Joanna Watson28 Aug 2019
London is a vast and sprawling city. In the decades I have lived here I’ve seen building developments come and go, eating up pockets of green space and mopping up the little wild spaces where nature tries to maintain a foothold.
Despite this, London is still a very green city with wonderful parks, mature street trees and lots of open water. And thanks to the foresight of earlier planners in the 1930s and the 1950s London is surrounded by a buffer zone of open green space — the famous green belt — which restrains urban sprawl.
Reforesting the green belt
Friends of the Earth is launching a campaign to double tree cover in the UK. Trees are good for air quality, wildlife, our health and wellbeing and ultimately for the climate, by taking up carbon. We want to encourage tree planting to help restore nature, rewilding and natural regeneration. We are interested in finding out the potential for planting trees in the edge lands of the green belt and understanding more about the barriers and the benefits.
Most Londoners will have heard of the green belt but they may not realise that by taking the tube to the end of the Piccadilly Line as we did, you can quickly find yourself in open grassland with views of woodland, fields and rolling hills.
A couple of weeks ago a group of us left our office in the heart of urban Stockwell to see for ourselves. In less than an hour we were walking amongst trees and grassland in Enfield’s Trent Park with early bluebells poking through and the sound of birdsong in our ears.
The park has a rich heritage. The grounds of the old Hall once housed the campus of Middlesex University and the farmlands adjacent to the park are part of Enfield Chase, the old hunting grounds of King Henry VIII. The London Loop, a 150-mile route which orbits London following public footpaths runs through the park.
Planting trees to help prevent flooding
We were there to meet a council officer from Enfield Council to discuss his pioneering proposal to reforest 100ha of council-owned land in the green belt. Although he is a civil engineer, he is no advocate for concrete. With a deep knowledge of ecology, he is a big advocate for trees as an aid to natural flood management.
What we found inspiring is how the interests of one council department (Structures and Watercourses) could be a way-in to releasing funding, consolidating budgets and providing other goods that benefit different departments, such as Heritage or Parks. For example, Edmonton, a deprived area of Enfield is at high risk of flooding. Tree planting and leaky dams across streams and ditches can slow the flow of water downstream and let tree roots and soils absorb more water before it becomes a flood.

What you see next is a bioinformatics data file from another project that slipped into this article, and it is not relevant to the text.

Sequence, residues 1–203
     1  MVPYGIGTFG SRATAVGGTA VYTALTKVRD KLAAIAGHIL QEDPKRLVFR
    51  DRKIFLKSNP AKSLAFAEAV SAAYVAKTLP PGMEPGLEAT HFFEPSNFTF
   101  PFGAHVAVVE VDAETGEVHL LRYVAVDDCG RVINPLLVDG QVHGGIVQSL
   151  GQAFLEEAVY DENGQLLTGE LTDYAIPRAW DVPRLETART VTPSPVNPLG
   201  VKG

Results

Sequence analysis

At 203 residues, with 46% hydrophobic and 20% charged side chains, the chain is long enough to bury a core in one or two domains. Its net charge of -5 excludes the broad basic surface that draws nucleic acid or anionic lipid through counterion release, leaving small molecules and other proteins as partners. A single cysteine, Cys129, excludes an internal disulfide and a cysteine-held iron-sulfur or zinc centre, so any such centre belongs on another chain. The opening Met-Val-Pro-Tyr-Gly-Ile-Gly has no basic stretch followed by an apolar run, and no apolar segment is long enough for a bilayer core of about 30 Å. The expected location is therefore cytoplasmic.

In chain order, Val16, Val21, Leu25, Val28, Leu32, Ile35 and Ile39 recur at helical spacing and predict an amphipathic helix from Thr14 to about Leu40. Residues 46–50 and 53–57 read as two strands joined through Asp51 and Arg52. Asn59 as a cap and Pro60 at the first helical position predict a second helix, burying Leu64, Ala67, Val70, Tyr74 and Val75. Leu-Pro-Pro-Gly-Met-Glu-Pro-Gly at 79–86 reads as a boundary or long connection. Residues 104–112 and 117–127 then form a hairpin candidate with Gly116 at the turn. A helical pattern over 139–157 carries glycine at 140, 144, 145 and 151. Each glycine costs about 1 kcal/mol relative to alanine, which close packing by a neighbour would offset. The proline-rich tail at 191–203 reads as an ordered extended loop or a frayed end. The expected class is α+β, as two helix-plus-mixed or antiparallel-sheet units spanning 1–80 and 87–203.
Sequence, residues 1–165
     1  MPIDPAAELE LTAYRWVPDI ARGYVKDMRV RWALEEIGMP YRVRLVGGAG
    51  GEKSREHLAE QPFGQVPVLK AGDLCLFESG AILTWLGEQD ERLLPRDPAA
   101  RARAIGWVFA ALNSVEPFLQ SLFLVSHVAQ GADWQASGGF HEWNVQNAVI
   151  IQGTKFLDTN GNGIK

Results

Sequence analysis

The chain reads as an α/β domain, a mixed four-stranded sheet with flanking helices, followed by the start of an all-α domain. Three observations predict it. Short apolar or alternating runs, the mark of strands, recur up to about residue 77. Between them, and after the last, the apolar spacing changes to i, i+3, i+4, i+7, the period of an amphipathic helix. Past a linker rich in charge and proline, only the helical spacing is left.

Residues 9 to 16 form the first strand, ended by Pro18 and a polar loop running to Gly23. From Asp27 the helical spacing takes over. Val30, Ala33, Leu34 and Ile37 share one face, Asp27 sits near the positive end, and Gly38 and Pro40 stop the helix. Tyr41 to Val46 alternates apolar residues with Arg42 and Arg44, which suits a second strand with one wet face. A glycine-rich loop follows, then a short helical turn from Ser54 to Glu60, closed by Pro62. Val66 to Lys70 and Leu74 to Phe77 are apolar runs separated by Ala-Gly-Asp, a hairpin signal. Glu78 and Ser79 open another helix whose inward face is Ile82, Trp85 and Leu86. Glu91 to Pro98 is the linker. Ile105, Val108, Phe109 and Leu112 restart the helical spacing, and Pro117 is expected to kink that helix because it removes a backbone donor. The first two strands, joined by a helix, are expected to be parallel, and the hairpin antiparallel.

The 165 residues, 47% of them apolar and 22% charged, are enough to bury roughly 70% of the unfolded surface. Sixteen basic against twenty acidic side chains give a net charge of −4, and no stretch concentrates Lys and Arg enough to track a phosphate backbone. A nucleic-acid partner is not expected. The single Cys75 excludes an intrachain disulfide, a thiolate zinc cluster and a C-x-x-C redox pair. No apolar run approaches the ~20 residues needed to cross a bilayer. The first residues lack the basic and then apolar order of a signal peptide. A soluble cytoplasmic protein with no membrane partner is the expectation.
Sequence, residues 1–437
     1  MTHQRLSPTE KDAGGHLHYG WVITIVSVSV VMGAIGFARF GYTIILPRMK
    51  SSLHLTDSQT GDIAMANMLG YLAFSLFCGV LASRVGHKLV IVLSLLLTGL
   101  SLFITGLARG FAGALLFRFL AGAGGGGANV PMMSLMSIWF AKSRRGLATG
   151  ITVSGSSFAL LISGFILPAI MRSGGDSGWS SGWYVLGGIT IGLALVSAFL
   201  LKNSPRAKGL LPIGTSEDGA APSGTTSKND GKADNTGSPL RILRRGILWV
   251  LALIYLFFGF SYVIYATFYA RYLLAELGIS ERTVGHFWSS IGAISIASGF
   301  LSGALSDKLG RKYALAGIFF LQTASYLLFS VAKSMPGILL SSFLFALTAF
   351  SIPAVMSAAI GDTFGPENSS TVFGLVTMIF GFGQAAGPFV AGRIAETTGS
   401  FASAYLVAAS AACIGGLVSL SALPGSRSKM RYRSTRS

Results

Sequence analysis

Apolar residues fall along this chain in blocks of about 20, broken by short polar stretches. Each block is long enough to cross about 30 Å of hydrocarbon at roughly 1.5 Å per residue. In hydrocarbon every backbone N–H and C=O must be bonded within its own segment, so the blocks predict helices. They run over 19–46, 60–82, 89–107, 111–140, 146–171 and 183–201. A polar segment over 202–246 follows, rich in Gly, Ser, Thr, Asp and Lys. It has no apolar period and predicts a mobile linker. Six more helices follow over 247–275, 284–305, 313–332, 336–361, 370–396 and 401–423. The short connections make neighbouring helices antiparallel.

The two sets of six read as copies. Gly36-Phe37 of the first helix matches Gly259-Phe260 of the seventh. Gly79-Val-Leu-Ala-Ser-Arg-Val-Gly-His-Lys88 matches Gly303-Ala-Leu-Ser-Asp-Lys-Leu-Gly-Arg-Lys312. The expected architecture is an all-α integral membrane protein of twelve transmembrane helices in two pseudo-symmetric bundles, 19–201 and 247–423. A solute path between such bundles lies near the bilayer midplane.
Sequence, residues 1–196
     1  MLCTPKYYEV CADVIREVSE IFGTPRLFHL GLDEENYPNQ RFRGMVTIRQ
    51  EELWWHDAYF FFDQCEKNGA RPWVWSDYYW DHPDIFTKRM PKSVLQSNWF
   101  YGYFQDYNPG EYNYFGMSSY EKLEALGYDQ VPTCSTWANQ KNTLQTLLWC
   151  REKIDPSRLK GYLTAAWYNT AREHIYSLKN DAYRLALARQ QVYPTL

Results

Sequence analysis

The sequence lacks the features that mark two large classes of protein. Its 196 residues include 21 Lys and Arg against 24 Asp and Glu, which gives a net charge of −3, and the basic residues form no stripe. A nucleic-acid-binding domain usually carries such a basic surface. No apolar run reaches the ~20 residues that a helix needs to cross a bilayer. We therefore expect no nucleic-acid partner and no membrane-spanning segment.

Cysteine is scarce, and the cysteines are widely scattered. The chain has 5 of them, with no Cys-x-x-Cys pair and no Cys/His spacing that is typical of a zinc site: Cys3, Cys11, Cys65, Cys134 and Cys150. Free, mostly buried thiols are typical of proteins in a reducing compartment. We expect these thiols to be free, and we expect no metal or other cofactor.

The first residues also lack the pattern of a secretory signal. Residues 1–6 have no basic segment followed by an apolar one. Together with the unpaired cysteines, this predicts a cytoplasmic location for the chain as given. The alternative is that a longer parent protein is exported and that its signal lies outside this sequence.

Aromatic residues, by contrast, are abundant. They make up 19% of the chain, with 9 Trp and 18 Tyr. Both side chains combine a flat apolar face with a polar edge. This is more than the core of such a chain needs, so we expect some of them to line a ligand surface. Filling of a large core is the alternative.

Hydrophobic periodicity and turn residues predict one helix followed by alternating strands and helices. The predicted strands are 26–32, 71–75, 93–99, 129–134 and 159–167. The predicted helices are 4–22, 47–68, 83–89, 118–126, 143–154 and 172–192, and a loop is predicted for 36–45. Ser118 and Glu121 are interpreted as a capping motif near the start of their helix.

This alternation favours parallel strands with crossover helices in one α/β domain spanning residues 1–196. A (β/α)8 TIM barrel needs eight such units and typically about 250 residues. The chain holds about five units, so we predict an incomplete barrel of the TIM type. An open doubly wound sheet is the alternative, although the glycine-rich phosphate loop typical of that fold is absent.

Meanwhile more trees can help promote biodiversity, improve the experience for leisure visitors, contribute to diversifying income streams for the rural economy and sequester carbon.
What is the green belt for?
Of course, there are lots of questions about what the green belt is for. Is the land more valuable as farmland even though it is fragmented and farms are isolated? Could some of it be given over to re-wilding whilst introducing rare breeds to do conservation grazing of some fields? Might this allow for the natural succession of trees and by preserving acid grassland attract more species? Could iconic species like beavers be introduced — to help flood management whilst attracting many more visitors? Could managing better public access to existing public foot and bike paths encourage more people to the surrounding countryside and help connect them with nature?
We were excited by the potential of this joined-up thinking. We left inspired by the vision of the local council, farmers and local community volunteers working together to plant thousands of trees and enhance nature for people and wildlife alike.
If you’ve got an idea for really greening the green belt, or would just like to know more, get in touch.
Check out Friends of the Earth's Trees campaign and tell the government to double tree cover in the UK.